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President Addo’s SONA Once Again Is A Big Let-Down.

State of the Nation addresses are best known for being glorified political events. They are crafted and designed to accord sitting Presidents rare opportunities to engage in self adulation, endless hyperbole and needless praise singing before an audience of hifalutin elites and salt of the earth ordinary folks.

In short, SONAS as the acronym or abbreviation goes, are purely exercises in mendacity —- the wholesome peddling of falsehoods.

Typically, lame-duck Presidents use state of the nation addresses to go through a litany of half-baked truths and obfuscations, all designed to please their base of vociferous supporters.

Where the economy is old, sputtering and lack-luster, Presidents contend it is clicking on all cylinders.

Where the education sector suffers from inadequate financing, shabby infrastructure and overcrowding, they maintain with a straight face that the sector is vibrant, alive and well and on course to be the best ever. SONAS, if you ask me, are shams; they are elaborate carnival shows and nothing more.

We have seen the above scenario play out over the years and yesterday was not vastly different. President Nana Akuffo Dankwa Addo was his usual laborious and tedious self, reading from a prepared script and going on for well over two hours.

He, as was much expected, took credit for almost everything that he claimed had been accomplished under his watch, from the peace treaty in Dagbon, to a rebounding economy manifested by a resurgence in the agricultural and business sectors.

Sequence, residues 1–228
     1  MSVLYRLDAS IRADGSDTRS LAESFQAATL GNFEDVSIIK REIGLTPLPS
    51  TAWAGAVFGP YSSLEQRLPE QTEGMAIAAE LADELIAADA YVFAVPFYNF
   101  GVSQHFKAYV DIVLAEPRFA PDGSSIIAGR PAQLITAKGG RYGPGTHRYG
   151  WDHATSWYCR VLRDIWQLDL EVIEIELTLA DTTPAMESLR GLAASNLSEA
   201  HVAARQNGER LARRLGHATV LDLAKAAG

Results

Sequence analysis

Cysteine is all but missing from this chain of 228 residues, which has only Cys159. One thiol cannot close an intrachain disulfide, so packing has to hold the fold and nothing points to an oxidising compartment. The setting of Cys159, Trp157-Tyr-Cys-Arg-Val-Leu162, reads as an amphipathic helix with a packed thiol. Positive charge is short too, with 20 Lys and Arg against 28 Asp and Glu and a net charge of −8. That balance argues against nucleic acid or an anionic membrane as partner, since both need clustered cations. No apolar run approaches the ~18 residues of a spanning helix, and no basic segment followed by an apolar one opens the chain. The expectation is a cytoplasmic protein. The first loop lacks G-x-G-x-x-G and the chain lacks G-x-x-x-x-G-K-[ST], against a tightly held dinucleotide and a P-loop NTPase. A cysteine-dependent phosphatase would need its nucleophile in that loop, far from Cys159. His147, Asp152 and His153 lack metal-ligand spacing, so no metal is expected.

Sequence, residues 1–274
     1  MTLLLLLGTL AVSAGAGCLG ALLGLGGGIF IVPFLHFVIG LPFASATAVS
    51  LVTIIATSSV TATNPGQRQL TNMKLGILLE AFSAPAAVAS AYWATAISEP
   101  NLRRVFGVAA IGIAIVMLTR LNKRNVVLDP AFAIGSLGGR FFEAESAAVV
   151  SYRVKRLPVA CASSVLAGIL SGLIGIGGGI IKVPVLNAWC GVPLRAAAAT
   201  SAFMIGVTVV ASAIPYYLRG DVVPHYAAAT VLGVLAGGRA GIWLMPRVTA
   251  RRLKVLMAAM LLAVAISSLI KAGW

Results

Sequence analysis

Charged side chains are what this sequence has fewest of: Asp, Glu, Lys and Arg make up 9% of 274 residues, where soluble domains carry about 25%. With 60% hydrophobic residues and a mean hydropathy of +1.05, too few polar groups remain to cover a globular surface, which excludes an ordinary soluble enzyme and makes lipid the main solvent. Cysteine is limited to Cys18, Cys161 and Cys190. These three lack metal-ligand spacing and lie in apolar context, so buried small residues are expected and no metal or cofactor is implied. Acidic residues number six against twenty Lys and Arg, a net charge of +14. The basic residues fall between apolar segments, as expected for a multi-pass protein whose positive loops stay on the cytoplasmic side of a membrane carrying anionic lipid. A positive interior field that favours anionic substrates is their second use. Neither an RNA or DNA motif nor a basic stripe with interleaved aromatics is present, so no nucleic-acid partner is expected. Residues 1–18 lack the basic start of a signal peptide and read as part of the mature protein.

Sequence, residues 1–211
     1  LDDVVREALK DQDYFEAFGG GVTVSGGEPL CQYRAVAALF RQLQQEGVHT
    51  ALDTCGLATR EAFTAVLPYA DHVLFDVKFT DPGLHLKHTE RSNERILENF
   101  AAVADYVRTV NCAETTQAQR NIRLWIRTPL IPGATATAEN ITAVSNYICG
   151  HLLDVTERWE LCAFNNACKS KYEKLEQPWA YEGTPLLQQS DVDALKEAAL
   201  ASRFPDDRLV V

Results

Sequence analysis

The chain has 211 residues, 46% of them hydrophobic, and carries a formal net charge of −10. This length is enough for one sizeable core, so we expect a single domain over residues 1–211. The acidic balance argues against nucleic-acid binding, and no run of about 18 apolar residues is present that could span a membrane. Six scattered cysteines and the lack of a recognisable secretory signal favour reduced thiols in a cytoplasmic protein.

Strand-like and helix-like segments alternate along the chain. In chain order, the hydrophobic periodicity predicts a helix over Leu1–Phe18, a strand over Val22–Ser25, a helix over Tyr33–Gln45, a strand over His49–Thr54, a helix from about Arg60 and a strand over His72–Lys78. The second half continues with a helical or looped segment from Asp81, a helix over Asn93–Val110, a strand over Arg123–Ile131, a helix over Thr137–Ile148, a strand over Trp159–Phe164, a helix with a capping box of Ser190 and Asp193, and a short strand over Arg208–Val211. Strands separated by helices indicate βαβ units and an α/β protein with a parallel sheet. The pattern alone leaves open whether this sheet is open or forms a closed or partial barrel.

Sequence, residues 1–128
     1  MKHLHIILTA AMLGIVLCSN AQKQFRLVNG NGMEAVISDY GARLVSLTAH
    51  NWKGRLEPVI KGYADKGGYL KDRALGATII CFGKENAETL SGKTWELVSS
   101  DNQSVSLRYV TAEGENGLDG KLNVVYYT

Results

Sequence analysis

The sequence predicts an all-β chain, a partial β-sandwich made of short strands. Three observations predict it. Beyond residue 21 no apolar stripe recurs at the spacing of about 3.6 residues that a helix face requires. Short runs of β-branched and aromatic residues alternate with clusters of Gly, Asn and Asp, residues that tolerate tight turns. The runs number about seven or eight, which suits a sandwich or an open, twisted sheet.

While Mr. Addo touts his horn to the excitement of his supporters and to the utter dismay of his political enemies, Ghanaians continue to suffer financial indignities.

The economy is still stuck in neutral and nothing the President says nor the fancy financial numbers he liberally quotes, will be enough to appease his long suffering country men and women or minimize their pain.

The one area where many expected the President to demonstrate strong leadership and total commitment was national security particularly as it relates to political vigilantism.

With recent bouts of dreadful violence still fresh in the public conscience, the hope was that Mr. Addo will use his address to the nation to ban political vigilantism once and for all.

But sadly, the President yet again, for the umpteenth time, kicked the ball down the road, a revisit of last year’s SONA performance.

Honestly, Mr. Addo, with the stroke of a pen would have put many minds at ease. It is called executive action in the language of governance.

It is widely used in emergencies and we have an emergency on our doorsteps —ugly political vigilantism. He could simply have signed the vicious political vigilante groups out of existence.

Single-handedly, Mr. Addo could have put the nation on a hopeful and bright trajectory. Instead, what did he do? He proposed that his party, the NPP meets with the NDC to fashion out a strategy that will effectively put an end to political thuggery.

This hastily concocted arrangement if it comes off at all, won’t produce the desired results for one simple reason; these parties are sworn and mortal enemies; finding common grounds for the public good is not in their books.

The President’s performance was hugely disappointing; his failure to make a firm commitment to the permanent dismantling of vigilante groups, deflated the hopes of millions of Ghanaians who crave to live in peace and harmony with their neighbors political affiliations notwithstanding.

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